Despite the administration of empiric therapy for congestive heart failure, progressive dyspnea and ventilatory failure developed in the patient. These conditions were aggravated while the patient was in the supine position. The Pa[CO.sub.2] rose to 62 mm Hg, and the pH fell to 7.18. There was no change in her alveolararterial gradient. The chest radiograph had not changed, and echocardiography showed no abnormalities. A fluoroscopic examination revealed minimal movement of both diaphragms, which was consistent with bilateral paralysis. Electromyographic and nerve conduction velocities demonstrated severe sensorimotor, mixed axonal, and demyelinating polyneuropathy of the upper and the lower extremities. Transcutaneous phrenic nerve stimulation revealed an extremely prolonged phrenic nerve motor latency that was consistent with phrenic neuropathy[9,10] (Table 1). There was no evidence of myopathy. The results of an abdominal fat-pad biopsy were negative for amyloidosis. Pulmonary function tests were performed with the patient sitting, because she could not tolerate a supine position. The tests revealed a severe restrictive defect, with total lung capacity at 1.77 L (35% of predicted), vital capacity at 0.95 L (30% of predicted), and FE[V.sub.1] at 0.82 L (31% of predicted). Maximum inspiratory pressure was -33 cm [H.sub.2]O (44% of predicted), maximum expiratory pressure was 53 cm [H.sub.2]O (49% of predicted), and maximum voluntary ventilation was 49 L/min (52% of predicted).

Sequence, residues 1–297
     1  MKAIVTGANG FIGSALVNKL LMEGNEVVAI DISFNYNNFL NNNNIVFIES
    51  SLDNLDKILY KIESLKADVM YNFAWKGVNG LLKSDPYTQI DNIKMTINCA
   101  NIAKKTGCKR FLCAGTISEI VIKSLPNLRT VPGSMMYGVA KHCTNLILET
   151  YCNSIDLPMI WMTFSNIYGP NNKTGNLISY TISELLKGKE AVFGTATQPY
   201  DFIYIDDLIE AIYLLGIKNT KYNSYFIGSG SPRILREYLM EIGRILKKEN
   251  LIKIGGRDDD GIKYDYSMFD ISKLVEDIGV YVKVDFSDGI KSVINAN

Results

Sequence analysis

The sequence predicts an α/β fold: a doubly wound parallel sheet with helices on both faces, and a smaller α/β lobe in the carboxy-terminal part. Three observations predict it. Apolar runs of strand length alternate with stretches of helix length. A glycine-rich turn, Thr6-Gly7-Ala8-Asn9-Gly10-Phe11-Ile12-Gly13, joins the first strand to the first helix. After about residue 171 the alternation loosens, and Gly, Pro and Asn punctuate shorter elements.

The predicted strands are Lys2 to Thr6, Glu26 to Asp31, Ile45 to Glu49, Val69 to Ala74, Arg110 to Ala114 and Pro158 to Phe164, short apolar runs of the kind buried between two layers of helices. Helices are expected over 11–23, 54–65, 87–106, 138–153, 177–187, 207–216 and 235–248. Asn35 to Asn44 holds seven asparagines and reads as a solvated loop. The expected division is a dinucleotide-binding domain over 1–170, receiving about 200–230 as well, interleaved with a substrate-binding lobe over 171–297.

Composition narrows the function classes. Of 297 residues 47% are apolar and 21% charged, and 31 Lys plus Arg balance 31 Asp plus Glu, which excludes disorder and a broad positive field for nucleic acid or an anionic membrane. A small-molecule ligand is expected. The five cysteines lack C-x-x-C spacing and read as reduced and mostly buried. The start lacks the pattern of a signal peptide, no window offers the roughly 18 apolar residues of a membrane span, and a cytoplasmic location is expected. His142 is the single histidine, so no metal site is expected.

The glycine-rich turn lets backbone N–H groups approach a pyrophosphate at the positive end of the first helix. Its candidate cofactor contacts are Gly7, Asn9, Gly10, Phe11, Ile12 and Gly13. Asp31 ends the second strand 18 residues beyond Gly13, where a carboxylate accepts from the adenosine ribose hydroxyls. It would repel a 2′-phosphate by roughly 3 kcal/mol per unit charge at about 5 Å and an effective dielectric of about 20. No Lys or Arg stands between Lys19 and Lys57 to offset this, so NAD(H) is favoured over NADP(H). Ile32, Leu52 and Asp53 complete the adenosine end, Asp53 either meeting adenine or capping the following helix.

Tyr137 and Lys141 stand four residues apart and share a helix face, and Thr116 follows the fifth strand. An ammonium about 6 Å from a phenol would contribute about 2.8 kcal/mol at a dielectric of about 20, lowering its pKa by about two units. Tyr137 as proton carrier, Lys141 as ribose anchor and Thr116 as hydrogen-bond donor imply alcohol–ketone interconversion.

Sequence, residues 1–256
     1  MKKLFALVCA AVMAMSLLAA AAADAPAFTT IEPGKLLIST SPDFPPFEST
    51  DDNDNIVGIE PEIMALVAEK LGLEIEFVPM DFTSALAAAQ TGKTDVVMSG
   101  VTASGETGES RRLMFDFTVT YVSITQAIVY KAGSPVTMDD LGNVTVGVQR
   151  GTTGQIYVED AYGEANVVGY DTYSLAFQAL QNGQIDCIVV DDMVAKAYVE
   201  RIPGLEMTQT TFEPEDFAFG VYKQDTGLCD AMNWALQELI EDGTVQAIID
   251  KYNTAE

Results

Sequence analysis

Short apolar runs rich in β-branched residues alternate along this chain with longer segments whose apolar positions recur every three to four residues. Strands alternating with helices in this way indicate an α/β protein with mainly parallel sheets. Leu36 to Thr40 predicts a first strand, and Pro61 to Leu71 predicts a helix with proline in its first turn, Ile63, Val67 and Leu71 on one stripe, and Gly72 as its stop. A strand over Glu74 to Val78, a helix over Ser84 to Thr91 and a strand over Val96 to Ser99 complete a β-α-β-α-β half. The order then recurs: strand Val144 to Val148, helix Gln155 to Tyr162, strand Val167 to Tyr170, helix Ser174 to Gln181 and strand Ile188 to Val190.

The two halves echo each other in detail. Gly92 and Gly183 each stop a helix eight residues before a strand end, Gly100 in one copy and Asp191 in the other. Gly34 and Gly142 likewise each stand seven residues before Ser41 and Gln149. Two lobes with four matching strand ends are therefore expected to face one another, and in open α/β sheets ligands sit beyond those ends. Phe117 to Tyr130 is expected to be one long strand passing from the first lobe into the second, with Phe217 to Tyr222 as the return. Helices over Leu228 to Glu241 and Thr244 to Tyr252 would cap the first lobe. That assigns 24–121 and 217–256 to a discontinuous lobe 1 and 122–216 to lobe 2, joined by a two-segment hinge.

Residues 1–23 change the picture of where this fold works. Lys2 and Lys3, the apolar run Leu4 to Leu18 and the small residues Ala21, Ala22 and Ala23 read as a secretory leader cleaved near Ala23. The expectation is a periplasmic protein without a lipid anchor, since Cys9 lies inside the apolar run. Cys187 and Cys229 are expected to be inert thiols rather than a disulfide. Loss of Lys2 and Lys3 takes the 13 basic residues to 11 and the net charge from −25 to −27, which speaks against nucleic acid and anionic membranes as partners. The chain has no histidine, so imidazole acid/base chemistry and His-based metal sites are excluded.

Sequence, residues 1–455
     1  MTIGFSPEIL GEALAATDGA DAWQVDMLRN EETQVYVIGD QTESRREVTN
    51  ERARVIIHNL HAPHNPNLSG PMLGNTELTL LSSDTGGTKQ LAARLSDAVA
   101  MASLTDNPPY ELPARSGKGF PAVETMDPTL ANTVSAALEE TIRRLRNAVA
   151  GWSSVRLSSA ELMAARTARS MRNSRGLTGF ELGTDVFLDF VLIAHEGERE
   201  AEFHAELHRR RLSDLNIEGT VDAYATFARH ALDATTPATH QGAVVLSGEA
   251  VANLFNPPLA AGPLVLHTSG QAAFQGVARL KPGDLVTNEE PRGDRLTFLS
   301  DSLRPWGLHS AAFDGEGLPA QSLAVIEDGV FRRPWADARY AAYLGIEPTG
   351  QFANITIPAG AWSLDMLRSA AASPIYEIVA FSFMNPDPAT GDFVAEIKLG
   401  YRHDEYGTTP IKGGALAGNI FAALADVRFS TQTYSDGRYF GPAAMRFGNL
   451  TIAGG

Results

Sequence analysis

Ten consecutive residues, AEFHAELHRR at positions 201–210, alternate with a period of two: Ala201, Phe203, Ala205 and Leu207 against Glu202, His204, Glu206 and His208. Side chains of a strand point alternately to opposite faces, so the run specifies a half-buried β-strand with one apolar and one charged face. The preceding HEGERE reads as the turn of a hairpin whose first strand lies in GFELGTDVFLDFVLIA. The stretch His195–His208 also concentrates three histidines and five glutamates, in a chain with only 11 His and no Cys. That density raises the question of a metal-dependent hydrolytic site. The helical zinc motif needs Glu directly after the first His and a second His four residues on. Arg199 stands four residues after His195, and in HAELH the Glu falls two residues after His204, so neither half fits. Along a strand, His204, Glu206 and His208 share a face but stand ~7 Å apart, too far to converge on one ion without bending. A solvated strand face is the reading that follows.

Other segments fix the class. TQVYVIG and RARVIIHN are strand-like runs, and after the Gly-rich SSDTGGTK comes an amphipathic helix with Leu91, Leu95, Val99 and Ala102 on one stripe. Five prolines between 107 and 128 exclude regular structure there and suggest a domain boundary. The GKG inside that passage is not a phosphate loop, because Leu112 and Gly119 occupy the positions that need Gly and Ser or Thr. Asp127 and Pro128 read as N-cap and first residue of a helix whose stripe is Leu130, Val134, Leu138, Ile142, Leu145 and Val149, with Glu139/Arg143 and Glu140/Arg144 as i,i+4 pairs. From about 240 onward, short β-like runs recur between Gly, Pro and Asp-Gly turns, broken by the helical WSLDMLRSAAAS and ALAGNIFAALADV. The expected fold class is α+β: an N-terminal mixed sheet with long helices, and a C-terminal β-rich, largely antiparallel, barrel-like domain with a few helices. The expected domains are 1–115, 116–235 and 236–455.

Table 1--Comparison of Nerve Conduction Study Results Measured in July 1997 and October 1998(*)
(*) NR = no response; NA = not applicable; mV = millivolts; [micro]V = microvolts; ms = milliseconds.